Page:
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© 2006

International Discord on Population and Development

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Table of contents

  1. Front Matter
    Pages I-XII
  2. John F. Kantner, Andrew Kantner
    Pages 1-13
  3. John F. Kantner, Andrew Kantner
    Pages 171-201
  4. Back Matter
    Pages 203-257

About this book

Introduction

Tracing the population assistance movement from its tentative beginnings to the present day, this book employs history to examine the new paradigm created from the Cairo Conference - the 'road map' for the population policy future.

Keywords

Nation organization politics

About the authors

JOHN F. KANTNER is Professor Emeritus at Johns Hopkins University, USA. ANDREW KANTNER is Adjunct Research Scientist at Pennsylvania State University, USA.

Bibliographic information

Reviews

'For those who wonder why the whole subject of world population growth has disappeared from public view, this lucid account by two demographers provides all of the answers. Written in a highly engaging style, the book traces the history of the international population movement, its politics and the various conflicting views. This is a fascinating and important piece of work.- Charles F. Westoff, Princeton University, USA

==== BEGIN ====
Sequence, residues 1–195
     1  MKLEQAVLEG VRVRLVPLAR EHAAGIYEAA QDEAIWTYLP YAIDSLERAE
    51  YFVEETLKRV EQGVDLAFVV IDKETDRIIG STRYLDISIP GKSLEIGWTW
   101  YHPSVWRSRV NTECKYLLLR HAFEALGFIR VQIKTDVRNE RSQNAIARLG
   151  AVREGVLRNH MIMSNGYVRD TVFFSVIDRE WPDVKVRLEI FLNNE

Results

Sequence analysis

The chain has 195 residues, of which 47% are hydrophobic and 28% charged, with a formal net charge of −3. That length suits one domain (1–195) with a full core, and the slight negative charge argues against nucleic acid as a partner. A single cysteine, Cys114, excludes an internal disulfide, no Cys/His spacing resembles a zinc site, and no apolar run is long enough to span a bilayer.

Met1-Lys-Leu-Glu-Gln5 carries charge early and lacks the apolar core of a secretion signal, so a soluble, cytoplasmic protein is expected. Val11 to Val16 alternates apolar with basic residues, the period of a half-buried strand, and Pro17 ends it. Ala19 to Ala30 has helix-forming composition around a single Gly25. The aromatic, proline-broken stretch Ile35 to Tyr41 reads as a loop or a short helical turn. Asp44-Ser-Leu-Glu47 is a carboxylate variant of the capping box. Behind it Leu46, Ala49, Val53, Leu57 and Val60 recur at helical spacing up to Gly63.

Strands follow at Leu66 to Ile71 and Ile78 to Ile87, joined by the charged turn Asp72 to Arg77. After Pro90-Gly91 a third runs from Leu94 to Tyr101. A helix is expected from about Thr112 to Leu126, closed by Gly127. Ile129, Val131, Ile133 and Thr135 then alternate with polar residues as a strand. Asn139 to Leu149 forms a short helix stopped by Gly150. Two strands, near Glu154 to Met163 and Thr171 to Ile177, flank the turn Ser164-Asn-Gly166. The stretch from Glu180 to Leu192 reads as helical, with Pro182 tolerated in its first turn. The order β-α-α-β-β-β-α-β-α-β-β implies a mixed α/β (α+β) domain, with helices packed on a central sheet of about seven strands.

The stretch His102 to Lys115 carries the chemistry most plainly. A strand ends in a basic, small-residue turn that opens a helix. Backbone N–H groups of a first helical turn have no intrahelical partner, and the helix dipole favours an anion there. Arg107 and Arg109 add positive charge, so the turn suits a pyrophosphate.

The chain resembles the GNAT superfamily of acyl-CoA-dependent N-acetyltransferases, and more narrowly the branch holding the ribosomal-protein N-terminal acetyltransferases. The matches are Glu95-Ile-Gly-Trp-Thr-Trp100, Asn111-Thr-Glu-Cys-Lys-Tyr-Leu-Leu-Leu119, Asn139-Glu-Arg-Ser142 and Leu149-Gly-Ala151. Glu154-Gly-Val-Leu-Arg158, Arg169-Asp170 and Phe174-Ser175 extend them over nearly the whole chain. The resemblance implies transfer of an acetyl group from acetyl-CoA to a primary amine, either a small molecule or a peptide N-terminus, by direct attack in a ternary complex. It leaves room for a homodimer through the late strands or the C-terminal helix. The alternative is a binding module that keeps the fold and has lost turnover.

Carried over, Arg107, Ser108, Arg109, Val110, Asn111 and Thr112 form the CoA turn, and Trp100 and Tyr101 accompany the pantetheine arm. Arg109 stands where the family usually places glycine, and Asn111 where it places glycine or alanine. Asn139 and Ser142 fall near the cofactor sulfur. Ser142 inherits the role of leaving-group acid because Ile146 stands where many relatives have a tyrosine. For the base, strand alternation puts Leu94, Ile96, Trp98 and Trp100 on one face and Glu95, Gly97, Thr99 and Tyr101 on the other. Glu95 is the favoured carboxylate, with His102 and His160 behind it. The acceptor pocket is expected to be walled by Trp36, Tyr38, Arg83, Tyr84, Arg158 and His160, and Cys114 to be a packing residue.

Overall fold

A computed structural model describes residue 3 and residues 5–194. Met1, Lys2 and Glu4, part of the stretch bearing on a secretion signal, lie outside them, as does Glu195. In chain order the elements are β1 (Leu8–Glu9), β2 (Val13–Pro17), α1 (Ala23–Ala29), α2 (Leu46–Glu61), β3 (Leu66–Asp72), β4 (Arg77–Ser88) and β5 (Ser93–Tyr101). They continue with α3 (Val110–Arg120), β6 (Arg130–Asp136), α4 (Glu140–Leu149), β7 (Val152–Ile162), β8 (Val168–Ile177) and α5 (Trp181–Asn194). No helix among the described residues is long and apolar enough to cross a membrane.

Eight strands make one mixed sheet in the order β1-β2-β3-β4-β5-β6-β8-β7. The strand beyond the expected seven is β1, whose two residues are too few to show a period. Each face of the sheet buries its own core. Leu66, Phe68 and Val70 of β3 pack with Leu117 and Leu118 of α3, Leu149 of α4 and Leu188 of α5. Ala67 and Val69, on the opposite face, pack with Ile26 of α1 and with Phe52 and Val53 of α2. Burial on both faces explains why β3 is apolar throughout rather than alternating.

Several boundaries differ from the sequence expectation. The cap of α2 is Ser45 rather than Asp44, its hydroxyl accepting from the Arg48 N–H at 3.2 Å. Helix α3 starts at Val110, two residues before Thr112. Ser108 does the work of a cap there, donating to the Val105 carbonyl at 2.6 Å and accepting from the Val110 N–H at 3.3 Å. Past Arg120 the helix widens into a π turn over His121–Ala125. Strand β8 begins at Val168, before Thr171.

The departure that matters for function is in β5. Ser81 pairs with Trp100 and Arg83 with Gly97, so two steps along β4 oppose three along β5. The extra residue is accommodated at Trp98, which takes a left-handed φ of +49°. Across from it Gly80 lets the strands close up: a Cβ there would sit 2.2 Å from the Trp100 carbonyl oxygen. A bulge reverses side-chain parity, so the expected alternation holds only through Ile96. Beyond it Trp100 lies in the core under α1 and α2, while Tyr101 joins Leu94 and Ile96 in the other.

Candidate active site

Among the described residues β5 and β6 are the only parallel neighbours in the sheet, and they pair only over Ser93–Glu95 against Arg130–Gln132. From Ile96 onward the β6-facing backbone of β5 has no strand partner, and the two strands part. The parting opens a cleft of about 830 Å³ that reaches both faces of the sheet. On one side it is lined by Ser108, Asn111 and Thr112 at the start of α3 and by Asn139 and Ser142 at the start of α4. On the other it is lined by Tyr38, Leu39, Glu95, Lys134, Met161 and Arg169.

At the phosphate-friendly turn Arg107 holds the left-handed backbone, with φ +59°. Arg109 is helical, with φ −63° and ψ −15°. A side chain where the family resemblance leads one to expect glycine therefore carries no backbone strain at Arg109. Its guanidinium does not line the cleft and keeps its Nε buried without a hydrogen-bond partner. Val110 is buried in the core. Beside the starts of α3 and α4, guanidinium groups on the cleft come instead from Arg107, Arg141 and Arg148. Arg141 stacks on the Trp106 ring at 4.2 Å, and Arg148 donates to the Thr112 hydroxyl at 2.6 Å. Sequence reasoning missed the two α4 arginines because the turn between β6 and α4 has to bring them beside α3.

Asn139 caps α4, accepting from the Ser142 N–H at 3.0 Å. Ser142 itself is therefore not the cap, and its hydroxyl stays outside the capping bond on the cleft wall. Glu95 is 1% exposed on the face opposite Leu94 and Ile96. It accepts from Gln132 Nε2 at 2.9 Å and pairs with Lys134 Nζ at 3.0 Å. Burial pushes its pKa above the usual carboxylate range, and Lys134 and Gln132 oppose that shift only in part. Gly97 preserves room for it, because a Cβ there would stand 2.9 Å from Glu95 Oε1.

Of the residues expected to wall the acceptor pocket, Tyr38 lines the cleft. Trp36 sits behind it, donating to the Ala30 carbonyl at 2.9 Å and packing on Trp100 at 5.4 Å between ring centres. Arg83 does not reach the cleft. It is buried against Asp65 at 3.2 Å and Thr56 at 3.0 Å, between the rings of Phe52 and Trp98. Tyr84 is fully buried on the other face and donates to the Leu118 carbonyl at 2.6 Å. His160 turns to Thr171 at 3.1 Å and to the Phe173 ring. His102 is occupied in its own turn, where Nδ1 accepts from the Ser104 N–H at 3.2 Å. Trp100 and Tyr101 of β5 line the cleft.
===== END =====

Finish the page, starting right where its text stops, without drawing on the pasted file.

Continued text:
'This volume is a masterful contribution. Kantner and Kantner have performed a significant service in bringing together the growing literature evaluating the post-Cairo experience in policy, program planning, and recipient countries' efforts to implement the ICPD agenda. Their detailed discussion and assessment of the literature is both insightful and judicious. It is written with an understated authority that should attract the serious attention of many readers. One hopes that it may also help to bring about a return to a more demographically literate approach to population and development.- Alison McIntosh, Former Director, University of Michigan Population Fellows Program, USA

'With this accessible volume, John and Andrew Kantner, highly regarded sociologist demographers, provide a 50-year history of population work and a candid, original, and often critical analysis of efforts to address population in developing countries. The book is remarkable in its willingness to criticize prevailing ideologies, including policies adopted at the watershed Cairo population conference, and to offer a feasible prescription for future work in the field.'- J. Joseph Speidel, Bixby Center for Reproductive Health Research& Policy, University of California, San Francisco, USA

'This book will please both the scholar and the muckraker. It is a penetrating critique of the international population movement and its opponents. No paradigm is left unchallenged.'- Jason L. Finkle, Professor Emeritus, University of Michigan, USA